The club reviewed pay rates affecting an estimated 100 full-time employees and hundreds more non-permanent staff whose wages fell below the new living wage threshold.
Celtic staff had been paid £7.85 per hour.
But the rate, adjusted by the Living Wage Foundation, was raised by 40p last November.
Details of the agreement, which came into effect in July, have been revealed in the club’s financial papers.
It comes after the Celtic board faced criticism at last year’s AGM for failing to sign up to the living wage standard.
Chairman Ian Bankier said then it was “not in the interests” of Celtic to follow in the footsteps of around 380 Scottish employers - including fellow Ladbrokes Premiership club Heart of Midlothian - in signing up to the scheme.
Many shareholders called for the club to change their stance with shareholders and fan group, the Celtic Trust, supporting a resolution that the board take “all necessary steps” to make Celtic an accredited living wage employer and to provide to shareholders a progress report on this within three months.
The fan group had also been concerned about the withdrawal of a discretionary bonus system for staff receiving the living wage rate.
The supporters’ group said at the time that it was “penny pinching of the worst kind” and it appeared the club had been “trying desperately” to find ways to do the “absolute minimum”.
It has now been confirmed that the minimum rate hourly rate of £8.25 a hour was implemented from July 1, “reflecting the prevailing voluntary living wage rate”, although there is no indication of a change in position over becoming an accredited employer.
Details of the living wage increase came as it emerged board of directors’ overall salary costs rose by 20 per cent in the last year due largely to a near-£240,000 ill health payment to long-serving former financial chief Eric Riley.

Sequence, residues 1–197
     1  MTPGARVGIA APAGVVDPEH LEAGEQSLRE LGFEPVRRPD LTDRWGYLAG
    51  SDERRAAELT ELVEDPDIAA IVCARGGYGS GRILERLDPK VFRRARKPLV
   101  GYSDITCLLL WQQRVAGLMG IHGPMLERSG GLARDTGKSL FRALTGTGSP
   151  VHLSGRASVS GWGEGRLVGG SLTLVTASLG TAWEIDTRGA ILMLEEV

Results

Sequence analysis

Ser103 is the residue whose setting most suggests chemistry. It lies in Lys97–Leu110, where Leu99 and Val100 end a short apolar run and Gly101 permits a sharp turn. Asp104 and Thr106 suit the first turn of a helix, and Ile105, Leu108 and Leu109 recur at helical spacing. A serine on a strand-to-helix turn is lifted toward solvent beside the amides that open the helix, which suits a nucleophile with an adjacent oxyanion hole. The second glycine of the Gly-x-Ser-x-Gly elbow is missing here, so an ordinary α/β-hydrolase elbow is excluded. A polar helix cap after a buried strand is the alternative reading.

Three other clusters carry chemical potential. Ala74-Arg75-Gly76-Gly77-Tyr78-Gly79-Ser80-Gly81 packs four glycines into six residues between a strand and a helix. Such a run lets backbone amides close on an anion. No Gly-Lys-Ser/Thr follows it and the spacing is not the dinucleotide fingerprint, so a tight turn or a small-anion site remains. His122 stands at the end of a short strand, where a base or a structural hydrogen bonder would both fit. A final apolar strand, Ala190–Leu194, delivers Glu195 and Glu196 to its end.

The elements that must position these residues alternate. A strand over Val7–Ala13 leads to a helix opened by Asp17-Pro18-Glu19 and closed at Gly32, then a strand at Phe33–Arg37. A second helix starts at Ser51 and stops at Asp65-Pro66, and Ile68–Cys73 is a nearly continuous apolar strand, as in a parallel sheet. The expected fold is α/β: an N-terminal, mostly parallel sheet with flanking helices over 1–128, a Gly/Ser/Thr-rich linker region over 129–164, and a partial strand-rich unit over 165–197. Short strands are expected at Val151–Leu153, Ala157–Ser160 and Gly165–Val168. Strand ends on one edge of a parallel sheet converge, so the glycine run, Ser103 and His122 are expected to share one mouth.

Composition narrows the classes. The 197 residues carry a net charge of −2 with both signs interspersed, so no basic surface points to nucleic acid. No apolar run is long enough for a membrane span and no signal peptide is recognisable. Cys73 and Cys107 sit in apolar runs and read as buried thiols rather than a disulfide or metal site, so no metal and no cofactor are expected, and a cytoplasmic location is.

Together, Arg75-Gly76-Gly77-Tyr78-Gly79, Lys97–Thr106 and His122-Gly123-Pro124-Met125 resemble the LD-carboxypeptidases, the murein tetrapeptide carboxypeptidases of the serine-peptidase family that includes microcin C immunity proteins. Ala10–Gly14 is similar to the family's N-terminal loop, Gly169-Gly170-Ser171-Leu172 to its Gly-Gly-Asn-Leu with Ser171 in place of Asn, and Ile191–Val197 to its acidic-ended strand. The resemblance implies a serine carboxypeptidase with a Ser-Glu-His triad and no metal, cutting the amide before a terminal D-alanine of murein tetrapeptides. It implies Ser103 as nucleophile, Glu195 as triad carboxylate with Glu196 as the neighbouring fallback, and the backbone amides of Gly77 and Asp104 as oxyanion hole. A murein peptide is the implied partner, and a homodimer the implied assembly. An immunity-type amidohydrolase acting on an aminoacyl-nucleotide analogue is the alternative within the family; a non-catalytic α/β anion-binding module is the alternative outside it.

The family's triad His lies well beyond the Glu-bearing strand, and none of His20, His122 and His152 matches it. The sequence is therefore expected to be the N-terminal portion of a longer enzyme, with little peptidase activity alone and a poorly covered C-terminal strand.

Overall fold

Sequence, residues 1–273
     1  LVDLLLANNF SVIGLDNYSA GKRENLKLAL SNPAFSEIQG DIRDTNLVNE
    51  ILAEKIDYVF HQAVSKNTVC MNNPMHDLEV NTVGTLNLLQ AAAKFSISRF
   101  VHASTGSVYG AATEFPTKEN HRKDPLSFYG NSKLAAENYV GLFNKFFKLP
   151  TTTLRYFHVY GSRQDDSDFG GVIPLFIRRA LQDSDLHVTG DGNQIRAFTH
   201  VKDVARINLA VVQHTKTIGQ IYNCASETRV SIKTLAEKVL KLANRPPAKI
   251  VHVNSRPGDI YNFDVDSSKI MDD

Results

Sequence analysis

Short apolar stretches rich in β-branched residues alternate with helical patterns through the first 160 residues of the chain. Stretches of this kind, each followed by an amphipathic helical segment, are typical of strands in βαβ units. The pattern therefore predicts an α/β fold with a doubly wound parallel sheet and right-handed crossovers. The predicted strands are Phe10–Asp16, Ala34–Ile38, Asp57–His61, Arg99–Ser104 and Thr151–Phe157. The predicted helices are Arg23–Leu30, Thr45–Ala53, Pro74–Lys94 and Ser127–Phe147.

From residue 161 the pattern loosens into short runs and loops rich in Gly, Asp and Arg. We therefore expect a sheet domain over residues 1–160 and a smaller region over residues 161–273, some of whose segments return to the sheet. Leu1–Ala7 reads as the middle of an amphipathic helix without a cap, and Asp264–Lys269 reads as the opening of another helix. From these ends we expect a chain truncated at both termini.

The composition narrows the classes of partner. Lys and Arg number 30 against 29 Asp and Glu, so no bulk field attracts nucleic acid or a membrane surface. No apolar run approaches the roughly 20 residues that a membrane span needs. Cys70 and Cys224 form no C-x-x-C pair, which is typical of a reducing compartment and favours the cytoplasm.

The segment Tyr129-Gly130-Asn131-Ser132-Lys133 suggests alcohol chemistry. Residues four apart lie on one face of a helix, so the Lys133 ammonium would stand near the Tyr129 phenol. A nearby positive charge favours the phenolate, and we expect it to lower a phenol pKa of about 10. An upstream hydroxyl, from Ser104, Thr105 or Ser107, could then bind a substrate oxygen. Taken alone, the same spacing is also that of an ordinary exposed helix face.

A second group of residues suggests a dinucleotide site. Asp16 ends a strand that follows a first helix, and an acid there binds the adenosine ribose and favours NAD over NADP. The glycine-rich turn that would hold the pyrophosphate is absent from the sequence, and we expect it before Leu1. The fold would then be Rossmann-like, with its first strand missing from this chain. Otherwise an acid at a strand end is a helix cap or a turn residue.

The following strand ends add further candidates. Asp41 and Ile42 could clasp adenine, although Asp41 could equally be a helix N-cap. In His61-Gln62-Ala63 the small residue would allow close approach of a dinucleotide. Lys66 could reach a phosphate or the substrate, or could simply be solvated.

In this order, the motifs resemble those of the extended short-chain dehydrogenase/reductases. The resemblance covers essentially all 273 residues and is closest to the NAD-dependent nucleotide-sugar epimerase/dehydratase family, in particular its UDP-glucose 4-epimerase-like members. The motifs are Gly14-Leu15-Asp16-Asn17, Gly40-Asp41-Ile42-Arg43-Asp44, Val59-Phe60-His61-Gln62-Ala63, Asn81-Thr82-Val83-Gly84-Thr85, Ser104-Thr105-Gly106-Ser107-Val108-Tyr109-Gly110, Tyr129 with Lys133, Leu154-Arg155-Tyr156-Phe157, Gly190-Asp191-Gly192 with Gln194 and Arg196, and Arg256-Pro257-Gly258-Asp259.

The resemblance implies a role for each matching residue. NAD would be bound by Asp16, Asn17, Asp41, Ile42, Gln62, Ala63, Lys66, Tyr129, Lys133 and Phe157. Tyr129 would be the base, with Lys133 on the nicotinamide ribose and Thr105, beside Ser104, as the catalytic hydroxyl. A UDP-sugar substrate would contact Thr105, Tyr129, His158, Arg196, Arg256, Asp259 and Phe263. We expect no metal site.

The Parkhead club had previously said it would not sign up to the living wage scheme as it would mean “handing over decision making on salaries to another agency”.
The Celtic Trust has said that, as “progress has been made - small though it is”, that it will not be bringing a living wage resolution to the forthcoming annual general meeting, the date of which is yet to be decided.
But it said it had not abandoned its campaign and would continue to bring pressure to bear on the club to become fully accredited living wage employers.
In a message to supporters, the Celtic Trust said: “The lowest paid workers have now been paid more than they would have been without this campaign and we are delighted about that.
“We hope you will continue to support us, and that, unless national political developments overtake it, we will soon be able to say that our club is an Accredited Living Wage employer.
“We think Brother Walfrid would have wanted that, don’t you?”
Celtic Football Club was formally constituted at a meeting by Brother Walfrid on November 6, 1887, with the purpose of alleviating poverty in the east end of Glasgow by raising money for the charity he had instituted, the Poor Children’s Dinner Table.